By the way..as a ” Canuck” I never heard of or used the word “thong” to describe footwear…I was quite surprised one day when my boss told me not to wear thongs to work…..and I said…well…what business is it of yours what underwear I wear! So I never knew or used it to this day…nasty asty flip flop is their name for their nasty asty flip flop noise they make. ( I never wear them, only for the locker room shower ).

  • Valerie Hamer

    Hello there. I am happy to read that my questions inspired this article. (A great read by the way.)

    It’s so true that clearing physical space opens up the corresponding amount in your head. I could never live from one suitcase – kudos to those who do, but I much prefer the simpler life.

    Now if only I could throw away the empty jar of marmite that I keep for emergency inhalation sessions ……

    • expatlogue

      LOL! I’m with you on that one Valerie, we have an empty Marmite jar for the same reason! You can get Marmite here, though the average Canadian co. isn’t sure how to classify it so it’s always difficult to find in the supermarket, but it is horrendously expensive compared to back home… As well as space I need order, so I can’t sit down to write unless the beds are made. The fewer things to keep organised the better.

  • linda@adventuresinexpatland.com

    Great post! It’s so true how you make different choices when the old standbys aren’t available. You will not wither and die just because you don’t know the latest hot tv shows, and it’s nice not using the tv as background noise. After months (years?), those boxes in the attic or basement that you never open really do just become stuff.

  • MaDonna

    I have found that moving every 2-3 years has also helped keep out the clutter. I’m always sorting stuff into pack, giveaway, and throw away. One of the few reasons I don’t mind moving so often. 😉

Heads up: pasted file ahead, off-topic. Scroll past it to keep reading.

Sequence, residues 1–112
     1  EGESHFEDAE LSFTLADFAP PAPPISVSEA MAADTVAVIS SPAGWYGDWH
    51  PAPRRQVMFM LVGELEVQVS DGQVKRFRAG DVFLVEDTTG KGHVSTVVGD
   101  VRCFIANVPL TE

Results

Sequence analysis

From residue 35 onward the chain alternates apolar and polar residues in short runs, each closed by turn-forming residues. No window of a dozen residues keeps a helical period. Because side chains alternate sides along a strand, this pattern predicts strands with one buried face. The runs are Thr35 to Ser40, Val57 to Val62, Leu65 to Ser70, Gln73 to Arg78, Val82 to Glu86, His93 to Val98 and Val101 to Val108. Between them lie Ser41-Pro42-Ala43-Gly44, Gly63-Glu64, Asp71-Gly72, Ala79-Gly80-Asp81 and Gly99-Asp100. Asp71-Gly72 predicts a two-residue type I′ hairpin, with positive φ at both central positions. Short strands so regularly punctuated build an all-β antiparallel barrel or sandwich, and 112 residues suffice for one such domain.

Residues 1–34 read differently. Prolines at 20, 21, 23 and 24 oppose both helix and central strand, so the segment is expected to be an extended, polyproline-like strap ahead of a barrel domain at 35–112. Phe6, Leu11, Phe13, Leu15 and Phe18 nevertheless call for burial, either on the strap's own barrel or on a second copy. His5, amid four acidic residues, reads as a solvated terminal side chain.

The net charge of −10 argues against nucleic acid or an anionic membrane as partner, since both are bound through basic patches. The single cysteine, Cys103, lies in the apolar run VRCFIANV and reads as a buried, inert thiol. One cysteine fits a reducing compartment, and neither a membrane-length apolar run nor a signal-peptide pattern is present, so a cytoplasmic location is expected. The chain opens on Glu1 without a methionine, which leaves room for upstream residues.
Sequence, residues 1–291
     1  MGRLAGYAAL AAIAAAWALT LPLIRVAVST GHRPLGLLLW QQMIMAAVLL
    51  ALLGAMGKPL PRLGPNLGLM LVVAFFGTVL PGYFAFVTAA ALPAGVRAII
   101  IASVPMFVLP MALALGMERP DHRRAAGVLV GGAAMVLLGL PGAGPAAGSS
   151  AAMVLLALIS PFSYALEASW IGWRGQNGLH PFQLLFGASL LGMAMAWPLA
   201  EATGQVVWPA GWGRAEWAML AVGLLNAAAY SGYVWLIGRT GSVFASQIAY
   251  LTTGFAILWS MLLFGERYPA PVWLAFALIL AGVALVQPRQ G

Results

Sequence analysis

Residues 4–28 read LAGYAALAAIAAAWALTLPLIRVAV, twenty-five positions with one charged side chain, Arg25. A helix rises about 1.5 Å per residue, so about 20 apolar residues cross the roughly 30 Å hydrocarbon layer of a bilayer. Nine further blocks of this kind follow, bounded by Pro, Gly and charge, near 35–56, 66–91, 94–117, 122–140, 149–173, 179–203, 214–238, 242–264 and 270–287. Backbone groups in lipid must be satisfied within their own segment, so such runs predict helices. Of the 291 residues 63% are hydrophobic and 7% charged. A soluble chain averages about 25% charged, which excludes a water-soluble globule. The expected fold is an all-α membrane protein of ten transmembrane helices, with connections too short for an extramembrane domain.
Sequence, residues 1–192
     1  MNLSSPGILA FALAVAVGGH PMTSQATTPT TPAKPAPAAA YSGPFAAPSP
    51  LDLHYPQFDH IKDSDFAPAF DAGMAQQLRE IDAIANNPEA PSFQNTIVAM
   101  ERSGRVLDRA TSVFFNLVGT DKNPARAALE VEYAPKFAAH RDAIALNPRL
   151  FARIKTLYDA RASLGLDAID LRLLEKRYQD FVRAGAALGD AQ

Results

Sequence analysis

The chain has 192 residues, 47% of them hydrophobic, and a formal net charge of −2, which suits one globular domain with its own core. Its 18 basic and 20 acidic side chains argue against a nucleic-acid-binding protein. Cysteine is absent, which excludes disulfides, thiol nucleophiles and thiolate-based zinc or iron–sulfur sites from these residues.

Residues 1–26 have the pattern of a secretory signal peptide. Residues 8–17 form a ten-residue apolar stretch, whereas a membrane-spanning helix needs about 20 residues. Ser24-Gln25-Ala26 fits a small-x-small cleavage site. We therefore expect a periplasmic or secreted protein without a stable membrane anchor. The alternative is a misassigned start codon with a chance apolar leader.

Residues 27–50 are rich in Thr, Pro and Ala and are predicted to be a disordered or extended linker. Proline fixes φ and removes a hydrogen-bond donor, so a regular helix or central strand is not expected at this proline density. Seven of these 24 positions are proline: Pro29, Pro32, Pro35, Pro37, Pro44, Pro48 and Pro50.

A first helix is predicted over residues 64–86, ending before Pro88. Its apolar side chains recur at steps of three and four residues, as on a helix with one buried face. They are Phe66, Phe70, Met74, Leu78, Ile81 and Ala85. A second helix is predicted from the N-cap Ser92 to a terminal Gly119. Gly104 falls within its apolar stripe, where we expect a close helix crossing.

• Kathy

    You are oh so right!! I love what you have to say here regarding get up and live a life.Surrounding yourself with positive people creating beautiful memories requires an investment that keeps on giving. Unlike that Savings account that pays out only 2.5% interest here in Canada. You will absolutely love Algonquin Park! You may want to hold off until after Winter although beautiful,the driving snow can have you feeling like your caught in a snow globe being manipulated by a two old. As for Marmite most international food sections in the larger Grocery chains carry it even out here in the sticks. I love to enhance my gravy or give a good massage to Sundays Roast with it something past on to me from my British roots. I can’t say I have eaten enough of it to be running through the courses of my veins. But give it a try dare to take a risk, do something new enjoy the little things. View your day through the eyes of a child the wonderment of the first time experiencing the little things.

    • expatlogue

      Thank you Kathy, I’m glad you stopped by – and by the way, I can see from your outlook why you are so good at what you do! Good point about the Savings accounts here – I should have mentioned that in my Banking post. There is no motivation to save with rates like that, you’re better off shoving it under the mattress, at least you won’t get charged, (a) for keeping it there, and (b) for getting it out again!
      Now at least I know where to come if they’re out of stock of Marmite at the store! 😉